The painting “Portrait of Baudouin de Lanoi” was painted by the Dutch painter Jan van Eyck around 1435. The man in the portraits of Jan van Eyck and the bearer of the contemplative beginning and at the same time the object of contemplation. He does not act, does not show certain feelings; it is demonstrated to the viewer as part of the universe.
Therefore, the person is transferred with a still-life detail, and a long fixed look has an almost unnatural for this person animations. Obviously, this type of portrait could not last long. The Renaissance principle of identifying a person, provoking this moving balance between man and the world, between the contemplative and the object of contemplation, in the course of its development, had to strengthen individual, personal features in the image and break this balance.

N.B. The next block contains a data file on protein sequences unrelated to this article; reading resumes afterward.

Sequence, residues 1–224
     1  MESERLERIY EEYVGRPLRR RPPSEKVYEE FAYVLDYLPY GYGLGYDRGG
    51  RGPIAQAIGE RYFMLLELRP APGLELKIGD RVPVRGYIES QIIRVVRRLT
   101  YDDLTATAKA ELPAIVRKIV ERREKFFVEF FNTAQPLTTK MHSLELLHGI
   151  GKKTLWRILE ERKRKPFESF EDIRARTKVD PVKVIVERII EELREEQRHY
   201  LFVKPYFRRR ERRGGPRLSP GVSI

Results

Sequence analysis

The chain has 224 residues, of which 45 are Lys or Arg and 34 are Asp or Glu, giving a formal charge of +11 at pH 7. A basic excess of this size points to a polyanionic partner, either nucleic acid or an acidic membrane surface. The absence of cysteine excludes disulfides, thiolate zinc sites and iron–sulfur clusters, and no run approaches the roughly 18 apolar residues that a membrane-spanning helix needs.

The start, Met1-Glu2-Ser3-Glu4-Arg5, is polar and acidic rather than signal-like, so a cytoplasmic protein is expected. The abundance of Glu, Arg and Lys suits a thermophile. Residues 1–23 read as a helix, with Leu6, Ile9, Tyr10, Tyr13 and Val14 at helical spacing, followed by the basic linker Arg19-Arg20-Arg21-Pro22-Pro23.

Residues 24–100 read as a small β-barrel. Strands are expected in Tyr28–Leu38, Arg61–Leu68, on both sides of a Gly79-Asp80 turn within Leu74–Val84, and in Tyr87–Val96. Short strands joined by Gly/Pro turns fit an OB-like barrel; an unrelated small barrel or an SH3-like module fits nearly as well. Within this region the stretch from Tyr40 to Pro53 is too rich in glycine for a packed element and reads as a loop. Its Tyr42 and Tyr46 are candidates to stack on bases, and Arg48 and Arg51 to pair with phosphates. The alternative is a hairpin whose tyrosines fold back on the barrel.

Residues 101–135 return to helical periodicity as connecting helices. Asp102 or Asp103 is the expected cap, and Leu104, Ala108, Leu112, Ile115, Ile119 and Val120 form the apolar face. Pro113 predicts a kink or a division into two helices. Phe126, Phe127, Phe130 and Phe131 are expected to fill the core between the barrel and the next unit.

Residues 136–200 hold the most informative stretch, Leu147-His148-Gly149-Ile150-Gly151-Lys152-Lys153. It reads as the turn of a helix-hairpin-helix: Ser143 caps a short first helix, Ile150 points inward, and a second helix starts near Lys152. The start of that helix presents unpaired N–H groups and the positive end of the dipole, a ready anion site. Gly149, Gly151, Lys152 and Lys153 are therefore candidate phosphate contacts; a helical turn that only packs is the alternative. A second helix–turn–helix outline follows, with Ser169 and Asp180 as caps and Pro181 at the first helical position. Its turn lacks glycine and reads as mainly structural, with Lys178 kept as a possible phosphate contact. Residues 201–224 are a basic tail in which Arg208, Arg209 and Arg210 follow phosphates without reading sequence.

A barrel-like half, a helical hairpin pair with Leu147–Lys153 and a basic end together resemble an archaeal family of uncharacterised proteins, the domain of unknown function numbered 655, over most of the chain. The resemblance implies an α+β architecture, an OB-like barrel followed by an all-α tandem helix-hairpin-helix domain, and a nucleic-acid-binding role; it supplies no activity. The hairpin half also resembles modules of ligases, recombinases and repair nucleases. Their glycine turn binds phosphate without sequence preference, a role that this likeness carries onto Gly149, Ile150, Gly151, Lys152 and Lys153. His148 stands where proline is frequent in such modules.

Actually, a similar process took place not only in portraiture. In the altar compositions, the strengthening of the features of a concrete reality and the gradual disruption of the unity of field observations and their worldview transformation are also noticeable. But in portrait painting this process proceeded more quickly and in more obvious forms.